So Far, The MCU Hasn’t Cleared Up Exactly

Rumors about the future of the DCEU hint at how the ending of Andy Muschietti’s The Flash will use the multiverse differently than Spider-Man: No Way Home. The concept of the multiverse has existed for several decades in the comics, but it has entered the world of Hollywood blockbusters only until very recently. Avengers: Endgame planted the first seeds with the Avengers’ time-traveling mission, which paved the way for alternate timelines and modified realities in Loki, What If…?, and Spider-Man: No Way Home.

 

Although the concept of the multiverse offers exciting prospects for every single one of Marvel and DC’s characters, it doesn’t actually have clear guidelines. Across the comics, movies, and the Arrowverse’s Crisis on Infinite Earths, many alternate realities appear, get destroyed, and sometimes get rebuilt — some of them even merge with others, and others remain shrouded in mystery. So far, the MCU hasn’t cleared up exactly how the multiverse works, but Doctor Strange in the Multiverse of Madness will probably make it easier to understand. As for the DCEU, The Flash is tasked with featuring the multiverse for the first time, and if rumors are true, Barry Allen’s first standalone movie will also make its changes permanent.

While Spider-Man: No Way Home’s use of the MCU multiverse brought satisfying surprises for Marvel fans, it didn’t make a considerable impact on anyone within the MCU besides Peter Parker. Even Doctor Strange, who performed the memory-wiping spell that brought Spider-Man’s multiverse villains to Peter Parker’s world, forgot about what happened in the movie. On the contrary, it’s highly likely that Barry Allen’s trip across alternate realities will bring definitive consequences to the DCEU. With Henry Cavill unlikely to return as Superman and Ben Affleck hanging the cape in The Flash (as well as the DCEU’s departure from Zack Snyder’s movies and Michael Keaton’s promising future in Batgirl), fans can only expect to see a very different DCEU after the events of The Flash.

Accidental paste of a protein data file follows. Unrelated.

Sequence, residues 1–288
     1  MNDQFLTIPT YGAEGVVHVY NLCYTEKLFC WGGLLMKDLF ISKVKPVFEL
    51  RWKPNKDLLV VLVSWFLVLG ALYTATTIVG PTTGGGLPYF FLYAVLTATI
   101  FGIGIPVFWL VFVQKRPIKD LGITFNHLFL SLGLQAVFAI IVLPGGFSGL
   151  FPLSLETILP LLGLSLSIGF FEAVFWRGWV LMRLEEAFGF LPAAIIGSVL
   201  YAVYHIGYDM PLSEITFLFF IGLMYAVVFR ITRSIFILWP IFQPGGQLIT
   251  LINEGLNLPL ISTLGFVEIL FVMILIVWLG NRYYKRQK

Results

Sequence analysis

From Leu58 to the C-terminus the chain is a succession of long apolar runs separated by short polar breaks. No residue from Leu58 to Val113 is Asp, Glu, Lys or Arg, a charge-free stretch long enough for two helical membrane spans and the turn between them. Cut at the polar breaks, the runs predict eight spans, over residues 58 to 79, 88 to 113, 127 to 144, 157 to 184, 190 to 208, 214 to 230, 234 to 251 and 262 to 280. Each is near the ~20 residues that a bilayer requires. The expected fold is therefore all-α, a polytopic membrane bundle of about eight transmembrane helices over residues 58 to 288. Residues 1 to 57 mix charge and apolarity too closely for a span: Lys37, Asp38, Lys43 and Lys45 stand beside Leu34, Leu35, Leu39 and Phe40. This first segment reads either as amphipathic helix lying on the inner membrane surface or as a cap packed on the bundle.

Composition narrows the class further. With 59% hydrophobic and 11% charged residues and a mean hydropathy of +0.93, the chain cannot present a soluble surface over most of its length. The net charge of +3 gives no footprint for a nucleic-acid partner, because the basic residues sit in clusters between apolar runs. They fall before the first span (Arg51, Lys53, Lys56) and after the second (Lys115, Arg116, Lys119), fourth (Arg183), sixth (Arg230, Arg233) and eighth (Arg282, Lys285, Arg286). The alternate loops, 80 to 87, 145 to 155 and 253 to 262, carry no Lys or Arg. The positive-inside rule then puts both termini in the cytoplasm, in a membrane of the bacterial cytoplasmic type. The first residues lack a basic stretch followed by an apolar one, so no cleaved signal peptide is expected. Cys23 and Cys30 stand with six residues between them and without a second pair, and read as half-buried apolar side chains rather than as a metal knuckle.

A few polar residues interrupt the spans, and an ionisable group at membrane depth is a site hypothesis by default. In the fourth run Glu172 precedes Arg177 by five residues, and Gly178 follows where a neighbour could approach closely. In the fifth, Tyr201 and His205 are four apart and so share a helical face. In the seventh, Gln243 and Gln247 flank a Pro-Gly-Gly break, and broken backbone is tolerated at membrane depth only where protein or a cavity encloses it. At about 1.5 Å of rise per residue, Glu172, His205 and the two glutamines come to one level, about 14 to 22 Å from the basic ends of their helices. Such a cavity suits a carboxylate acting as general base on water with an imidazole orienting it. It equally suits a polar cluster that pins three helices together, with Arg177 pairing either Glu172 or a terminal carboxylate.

DC’s iconic Flashpoint storyline, which offers the basis for the story of The Flash, is known for changing the entire DC landscape. In fact, Spider-Man: No Way Home briefly referenced the storyline with Flash Thompson’s autobiography “Flashpoint: A Memoir – My Life as Peter Parker’s Best Friend”. Unlike Doctor Strange, Barry Allen doesn’t have a library of tricks that can help him patch up the multiverse. Barry is usually depicted as a hero who uses the Speed Force to permanently change DC’s multiverse when there are no other alternatives, and it’s likely that The Flash will honor that quality. note: The Voice of Joy 2 Movie

 

Even if The Flash subverts expectations when it comes to how alternate realities work, it’s more than evident that the DCEU needs permanent changes to move forward. The Flash offers the ideal explanation for why Michael Keaton’s Batman accompanies Batgirl while The Batman exists in a separate reality, and it can replace Henry Cavill’s Superman with Sasha Calle’s Supergirl seamlessly afterward. Whatever surprises The Flash has in store, the DCEU will probably be very different by the time the credits roll. note: Murder on the Nile Movie